Steve Chiotakis: The Greek government today announced a proposal to cut 30,000 state workers. That's just a day after the country's finance minister said Greece will not meet its deficit target this year, as part of Europe's demand in order to loan the country billions of dollars to avoid default.
Christos Michaelides is current affairs editor at the Athens daily newspaper Eleftherotypia. Christos, good morning.
Christos Michaelides: Hi, good morning.
Chiotakis: Is there any surprise that the Greek government says it's going to miss its financial targets?
Michaelides: Well there's no surprise for anything anymore here in Greece. People have stopped believing anything whatsoever, I must tell you. The government still believes that it is going to get the six installments of the loan from the IMF and the European Central Bank.
But it's not very likely at the moment. They have announced new package of austerity measures late last night and it's quite a heavy package on the backs of people, but still it doesn't seem to be enough.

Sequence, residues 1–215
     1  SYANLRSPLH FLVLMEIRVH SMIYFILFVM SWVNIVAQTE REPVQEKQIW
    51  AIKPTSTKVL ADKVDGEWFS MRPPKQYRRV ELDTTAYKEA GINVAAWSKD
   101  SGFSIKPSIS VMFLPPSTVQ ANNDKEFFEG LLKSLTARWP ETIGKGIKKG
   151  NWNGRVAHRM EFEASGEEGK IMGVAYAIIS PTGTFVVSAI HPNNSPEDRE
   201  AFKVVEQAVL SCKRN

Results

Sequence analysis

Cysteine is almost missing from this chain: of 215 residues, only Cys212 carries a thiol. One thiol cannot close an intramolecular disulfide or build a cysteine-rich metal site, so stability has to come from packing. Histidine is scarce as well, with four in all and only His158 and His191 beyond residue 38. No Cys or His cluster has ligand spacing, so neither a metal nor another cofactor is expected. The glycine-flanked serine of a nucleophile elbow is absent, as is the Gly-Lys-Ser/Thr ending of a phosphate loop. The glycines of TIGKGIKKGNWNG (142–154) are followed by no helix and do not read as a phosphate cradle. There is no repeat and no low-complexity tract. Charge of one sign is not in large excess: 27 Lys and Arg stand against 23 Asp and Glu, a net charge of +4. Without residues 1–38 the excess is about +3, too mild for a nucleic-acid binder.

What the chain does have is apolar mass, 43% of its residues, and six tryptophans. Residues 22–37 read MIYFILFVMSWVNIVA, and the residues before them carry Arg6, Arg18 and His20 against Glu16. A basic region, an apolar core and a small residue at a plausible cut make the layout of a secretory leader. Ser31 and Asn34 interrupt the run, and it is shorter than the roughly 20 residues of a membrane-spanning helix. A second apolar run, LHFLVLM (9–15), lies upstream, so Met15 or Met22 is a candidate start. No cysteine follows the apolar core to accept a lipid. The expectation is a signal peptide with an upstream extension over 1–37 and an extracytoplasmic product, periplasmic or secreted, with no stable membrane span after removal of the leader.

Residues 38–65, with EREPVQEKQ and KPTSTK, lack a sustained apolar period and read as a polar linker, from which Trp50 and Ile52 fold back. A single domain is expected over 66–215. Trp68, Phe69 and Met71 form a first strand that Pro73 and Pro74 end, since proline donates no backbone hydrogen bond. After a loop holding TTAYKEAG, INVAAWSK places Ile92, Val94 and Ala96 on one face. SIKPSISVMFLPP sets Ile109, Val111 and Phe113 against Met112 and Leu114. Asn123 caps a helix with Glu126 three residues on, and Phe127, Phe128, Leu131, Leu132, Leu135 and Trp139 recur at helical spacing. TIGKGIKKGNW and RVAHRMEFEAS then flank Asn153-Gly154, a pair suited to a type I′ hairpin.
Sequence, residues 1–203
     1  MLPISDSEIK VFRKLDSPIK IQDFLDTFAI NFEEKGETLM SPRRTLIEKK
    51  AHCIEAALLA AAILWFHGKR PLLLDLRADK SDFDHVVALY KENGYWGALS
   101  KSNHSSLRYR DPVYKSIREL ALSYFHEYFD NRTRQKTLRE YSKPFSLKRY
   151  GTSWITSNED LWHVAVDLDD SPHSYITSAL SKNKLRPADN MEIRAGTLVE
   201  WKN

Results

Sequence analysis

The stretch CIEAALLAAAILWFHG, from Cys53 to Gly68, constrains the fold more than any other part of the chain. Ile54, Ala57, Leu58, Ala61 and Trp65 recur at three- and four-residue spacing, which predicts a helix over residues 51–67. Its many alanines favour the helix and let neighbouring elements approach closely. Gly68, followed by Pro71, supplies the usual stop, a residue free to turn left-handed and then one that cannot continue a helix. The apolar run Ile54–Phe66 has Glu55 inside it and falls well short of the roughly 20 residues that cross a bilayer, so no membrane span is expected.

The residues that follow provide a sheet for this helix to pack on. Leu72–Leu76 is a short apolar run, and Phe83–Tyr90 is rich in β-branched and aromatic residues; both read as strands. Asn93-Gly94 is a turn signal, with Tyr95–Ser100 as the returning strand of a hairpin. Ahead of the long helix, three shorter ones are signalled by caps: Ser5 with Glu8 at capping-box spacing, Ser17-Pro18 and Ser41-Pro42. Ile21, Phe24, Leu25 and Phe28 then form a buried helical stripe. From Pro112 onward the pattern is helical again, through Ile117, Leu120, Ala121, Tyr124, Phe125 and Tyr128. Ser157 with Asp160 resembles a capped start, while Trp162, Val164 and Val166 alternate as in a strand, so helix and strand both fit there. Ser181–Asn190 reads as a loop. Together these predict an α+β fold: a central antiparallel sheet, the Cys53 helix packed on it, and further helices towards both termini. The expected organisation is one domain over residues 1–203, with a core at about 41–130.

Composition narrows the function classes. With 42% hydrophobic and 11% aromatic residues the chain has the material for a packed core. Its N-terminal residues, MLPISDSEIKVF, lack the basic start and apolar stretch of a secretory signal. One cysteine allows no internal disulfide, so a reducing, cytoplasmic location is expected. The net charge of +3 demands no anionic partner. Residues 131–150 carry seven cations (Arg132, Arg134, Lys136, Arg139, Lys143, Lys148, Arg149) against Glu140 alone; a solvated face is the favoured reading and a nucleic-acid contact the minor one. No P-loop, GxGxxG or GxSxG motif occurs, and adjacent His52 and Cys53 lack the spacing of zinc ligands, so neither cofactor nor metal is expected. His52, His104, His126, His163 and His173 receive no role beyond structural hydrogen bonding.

Chiotakis: Now I know the Vouli has passed a measure that would cut tens of thousands of jobs. How will that going to affect the country?
Michaelides: Right, well this needs to be voted on by parliament. The discussion is going to start today and by the end of the week we're going to have the final decision. We don't expect any surprises -- PASOK, the socialist government, has a majority in Greek parliament and we haven't noticed any MPs at the moment who are willing to vote against this motion.
Chiotakis: How do Greek citizens look at this dilemma? I mean, obviously the country could go into default or it could be saved -- but like you say on the backs of many Greeks.
Michaelides: The Greek people right now are very, very demoralized. Not because their money has become less, not because their salaries have been cut by about thirty, up to fifty percent. They are demoralized, most of them, because they don't see an end to all this. They don't see their government going ahead with other structural measures, and they're only seeing the government cutting the salaries of everyday working simple people so it's a very sad situation.
Chiotakis: Christos Michaelides, who's the political correspondent there in Athens for the Eleftherotypia newspaper. Christos, thanks so much.
Michaelides: You're very welcome, bye-bye.